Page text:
Program Training and Community Support Resume Within Sask Polytech’s Dental Clinic

When COVID-19 shut down Saskatchewan Polytechnic campuses in March 2020, hands-on training changed for Dental Hygiene and Dental Assisting and this impacted many community partnerships.

“Campus closures meant our dental clinic in Regina was closed, and that turned everybody’s life upside down,” says Dean Lefebvre, program head of Dental Hygiene and Dental Assisting. “The clinic is an absolute necessity for our students and community partners. Students need hands-on training under the supervision of licensed instructors in order to demonstrate competency in dentistry skills; they can’t graduate without it.”

The Regina Campus clinic also plays an important role in the community. “We’ve provided dental services at reduced rates for years, so many people rely on us for their oral health needs. When we had to shut down, it put vulnerable people at risk, so it was really important for us to get up and running,” Lefebvre says.

The dental clinic at the Regina Campus is one of the largest dental practices in the province. Beyond providing community dental services, the clinic also partners with elementary schools, senior care homes, the Regina Open Door Society, the Regina Food Bank as well as the Saskatchewan Health Authority.

Faculty and staff worked tirelessly behind the scenes, mostly remotely, to get the clinic open to meet student and client needs and to adhere to new pandemic health guidelines. Getting students back into a clinical setting was a huge win. “This past fall, we were finally able to celebrate the graduation of our 2020 class of dental hygienists. In December, we did the same for our dental assisting students,” adds Lefebvre.

The clinic reopened in August 2020 under stringent new protocols including aerosol reduction procedures developed by provincial dental associations, space dividers and distance requirements.

Clients are pre-screened before entering. Face masks are required. Fewer people are allowed in the clinic at any one time, and personal protective equipment is the new normal, including face shields, bonnets and gloves.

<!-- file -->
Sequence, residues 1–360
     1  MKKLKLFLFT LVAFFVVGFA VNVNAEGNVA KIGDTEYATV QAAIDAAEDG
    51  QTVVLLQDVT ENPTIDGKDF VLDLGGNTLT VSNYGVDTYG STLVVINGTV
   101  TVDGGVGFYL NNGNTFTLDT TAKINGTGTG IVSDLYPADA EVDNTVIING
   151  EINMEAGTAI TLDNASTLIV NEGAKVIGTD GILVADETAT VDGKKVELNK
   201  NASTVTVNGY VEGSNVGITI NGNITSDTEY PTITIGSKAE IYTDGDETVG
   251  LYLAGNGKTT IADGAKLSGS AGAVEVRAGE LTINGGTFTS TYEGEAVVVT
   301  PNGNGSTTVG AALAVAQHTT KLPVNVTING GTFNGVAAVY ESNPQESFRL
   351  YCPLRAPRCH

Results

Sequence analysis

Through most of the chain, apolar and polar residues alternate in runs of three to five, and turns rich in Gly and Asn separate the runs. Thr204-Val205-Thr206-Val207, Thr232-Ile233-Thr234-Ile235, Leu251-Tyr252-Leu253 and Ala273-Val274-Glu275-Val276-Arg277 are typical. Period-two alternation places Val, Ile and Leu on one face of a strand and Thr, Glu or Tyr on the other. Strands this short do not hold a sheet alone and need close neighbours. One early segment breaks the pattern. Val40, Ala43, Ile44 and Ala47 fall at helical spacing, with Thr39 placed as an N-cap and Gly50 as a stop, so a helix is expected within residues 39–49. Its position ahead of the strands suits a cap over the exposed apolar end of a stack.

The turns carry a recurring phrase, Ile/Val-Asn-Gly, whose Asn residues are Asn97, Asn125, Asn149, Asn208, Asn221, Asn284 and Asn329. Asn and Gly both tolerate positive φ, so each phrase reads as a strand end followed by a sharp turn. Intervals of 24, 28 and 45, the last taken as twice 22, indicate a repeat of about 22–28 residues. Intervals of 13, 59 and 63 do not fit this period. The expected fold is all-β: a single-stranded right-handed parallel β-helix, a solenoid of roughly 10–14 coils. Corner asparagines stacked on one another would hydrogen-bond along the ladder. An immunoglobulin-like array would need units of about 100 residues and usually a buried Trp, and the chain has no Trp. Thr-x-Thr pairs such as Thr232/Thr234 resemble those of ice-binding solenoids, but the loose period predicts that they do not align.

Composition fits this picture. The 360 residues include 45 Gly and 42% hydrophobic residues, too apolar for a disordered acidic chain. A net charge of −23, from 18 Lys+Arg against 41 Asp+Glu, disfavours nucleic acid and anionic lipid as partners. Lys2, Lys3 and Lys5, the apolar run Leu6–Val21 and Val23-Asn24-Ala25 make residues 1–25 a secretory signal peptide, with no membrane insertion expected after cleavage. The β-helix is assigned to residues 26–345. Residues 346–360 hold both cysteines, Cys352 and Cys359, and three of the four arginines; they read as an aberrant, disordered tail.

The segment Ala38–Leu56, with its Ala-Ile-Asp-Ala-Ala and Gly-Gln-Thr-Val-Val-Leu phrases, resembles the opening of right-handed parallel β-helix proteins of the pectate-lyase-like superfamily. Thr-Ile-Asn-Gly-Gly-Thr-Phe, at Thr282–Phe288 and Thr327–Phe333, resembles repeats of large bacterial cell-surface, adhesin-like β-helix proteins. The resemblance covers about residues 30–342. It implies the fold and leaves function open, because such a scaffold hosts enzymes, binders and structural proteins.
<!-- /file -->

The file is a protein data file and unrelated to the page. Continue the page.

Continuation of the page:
“The pandemic has pushed us to be more creative in how we do things especially arounds hands-on clinical training,” Lefebvre says. “We can’t provide procedures such as drilling or ultrasonic teeth cleaning on site because we operate in an open clinical setting without fully enclosed suites and proper ventilation.” Students are still doing manual cleaning procedures.

A significant infrastructure investment is being considered to ensure both the program and the community services it provides can continue. “The fifth floor of the Regina Campus that houses the dental programs requires a major renovation,” explains Sandra Blevins, dean of the School Health Sciences.

“We are currently running at a restricted capacity that is impacting both our students and the clients we serve. Without the required changes we don’t know how we would keep the programs and the community services going.”

“Renovations would enable us to set up preparatory suites similar to the semi-enclosed spaces you enter in private dental practices,” says Lefebvre.  “This would meet the stringent procedures for aerosol protocols, and provide better separation for our clients, students and instructors.”

Clients of all ages are welcome at the Regina Campus dental clinic. Dental hygiene care is provided by Sask Polytech students under the supervision of licensed dental hygienists and dentists. Dental care is provided by licensed dentists and dental assistants, assisted by Sask Polytech dental assisting students. For information about dental services at Sask Polytech, call 306-775-7531 or visit our website.

January 2021


Saskatchewan Polytechnic serves students through applied learning opportunities on Treaty 4 and Treaty 6 Territories and the homeland of the Métis.